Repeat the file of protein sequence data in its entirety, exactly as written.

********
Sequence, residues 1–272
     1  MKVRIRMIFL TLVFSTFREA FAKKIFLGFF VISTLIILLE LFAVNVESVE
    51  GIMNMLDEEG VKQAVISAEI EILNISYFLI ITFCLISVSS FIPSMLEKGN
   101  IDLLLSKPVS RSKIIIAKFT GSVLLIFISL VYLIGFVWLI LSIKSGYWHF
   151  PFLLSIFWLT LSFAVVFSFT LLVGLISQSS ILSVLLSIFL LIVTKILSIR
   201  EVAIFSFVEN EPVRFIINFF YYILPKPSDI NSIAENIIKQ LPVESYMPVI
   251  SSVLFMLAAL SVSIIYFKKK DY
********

Sequence, residues 1–272
     1  MKVRIRMIFL TLVFSTFREA FAKKIFLGFF VISTLIILLE LFAVNVESVE
    51  GIMNMLDEEG VKQAVISAEI EILNISYFLI ITFCLISVSS FIPSMLEKGN
   101  IDLLLSKPVS RSKIIIAKFT GSVLLIFISL VYLIGFVWLI LSIKSGYWHF
   151  PFLLSIFWLT LSFAVVFSFT LLVGLISQSS ILSVLLSIFL LIVTKILSIR
   201  EVAIFSFVEN EPVRFIINFF YYILPKPSDI NSIAENIIKQ LPVESYMPVI
   251  SSVLFMLAAL SVSIIYFKKK DY